Mozambique and the United Arab Emirates (UAE) are negotiating a Comprehensive Economic Partnership Agreement (CEPA), creating a free trade area for goods, services and investment, the UAE Embassy in Maputo announced on Monday. In a statement, the Embassy of the United Arab Emirates said that the two countries are working on the “removal of trade and investment barriers in a wide range of goods and services with a view to promoting non-petroleum bilateral trade between the two”.
“For this purpose, the Embassy of the United Arab Emirates in Mozambique has added advantages to economic partnerships through ongoing negotiations which could culminate in the coming months with the signing of the Comprehensive Economic Partnership Agreement (CEPA) which covers several economic areas that have as a vision the establishment of a Free Trade Area that attracts opportunities for access to markets for goods, services and investment between the parties,” the statement reads.
“With the signing of the joint declaration of intentions for the launch of CEPA negotiations, the UAE undertakes to strengthen its long-term economic partnership with Mozambique”, the statement continues.
The African Union 5th Mid-Year Coordination Meeting, MYCM, concluded on 16th July with the adoption of a Declaration by the Heads of State and Government representing the Bureau of the Assembly of the African Union, and Chairpersons of the eight (8) Regional Economic Communities (RECs), and the Regional Mechanisms (RMs). The declaration emphasises on the need to hasten Africa’s integration process to tackle the challenges caused by globalization, and the importance of the harmonization of national and regional policies to promote socio-economic development.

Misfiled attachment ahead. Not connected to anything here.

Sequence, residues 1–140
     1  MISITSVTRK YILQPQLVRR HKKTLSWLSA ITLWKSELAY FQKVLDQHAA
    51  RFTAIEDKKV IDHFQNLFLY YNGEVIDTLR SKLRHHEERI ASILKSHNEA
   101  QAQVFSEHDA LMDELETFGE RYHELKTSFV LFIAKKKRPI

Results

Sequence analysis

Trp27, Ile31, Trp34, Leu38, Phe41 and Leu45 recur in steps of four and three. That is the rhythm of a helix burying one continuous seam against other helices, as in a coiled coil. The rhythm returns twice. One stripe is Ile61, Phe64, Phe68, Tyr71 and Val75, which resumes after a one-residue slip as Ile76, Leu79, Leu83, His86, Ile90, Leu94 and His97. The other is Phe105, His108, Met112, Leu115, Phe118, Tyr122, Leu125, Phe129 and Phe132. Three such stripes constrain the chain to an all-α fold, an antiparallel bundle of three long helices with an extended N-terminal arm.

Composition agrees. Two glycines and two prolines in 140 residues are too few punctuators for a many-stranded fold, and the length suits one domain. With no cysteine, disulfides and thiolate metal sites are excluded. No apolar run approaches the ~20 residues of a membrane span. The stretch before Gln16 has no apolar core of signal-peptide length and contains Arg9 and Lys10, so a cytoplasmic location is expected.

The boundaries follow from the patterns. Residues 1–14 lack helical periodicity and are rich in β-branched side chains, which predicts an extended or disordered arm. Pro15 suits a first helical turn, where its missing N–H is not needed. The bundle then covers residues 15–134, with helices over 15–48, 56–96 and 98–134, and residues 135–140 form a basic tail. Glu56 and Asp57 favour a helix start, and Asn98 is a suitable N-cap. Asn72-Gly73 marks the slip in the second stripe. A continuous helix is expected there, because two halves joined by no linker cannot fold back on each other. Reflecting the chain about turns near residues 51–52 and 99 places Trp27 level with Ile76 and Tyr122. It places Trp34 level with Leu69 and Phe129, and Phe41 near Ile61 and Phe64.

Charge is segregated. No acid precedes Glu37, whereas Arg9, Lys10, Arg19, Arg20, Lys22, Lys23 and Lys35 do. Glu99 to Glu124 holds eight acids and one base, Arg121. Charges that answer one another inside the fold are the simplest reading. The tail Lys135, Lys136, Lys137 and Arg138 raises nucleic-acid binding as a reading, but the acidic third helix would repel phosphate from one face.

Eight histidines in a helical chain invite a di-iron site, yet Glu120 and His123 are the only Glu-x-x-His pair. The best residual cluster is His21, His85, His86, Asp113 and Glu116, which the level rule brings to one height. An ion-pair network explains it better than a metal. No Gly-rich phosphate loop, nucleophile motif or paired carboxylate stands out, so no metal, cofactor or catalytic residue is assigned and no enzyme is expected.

H.E. Moussa Faki Mahamat, Chairperson of the African Union Commission stated that the integration process would be hampered by structural constraints such as the funding gap for the implementation of the infrastructure programme at the continental level, the deterioration of the peace and security situation in Africa, the delays in transforming productive structures in a logic that includes women and youth as entrepreneurs of progress and as a protective shield against extremism and terrorism, and the delay in the ratification of the Protocol on the free movement of persons and goods.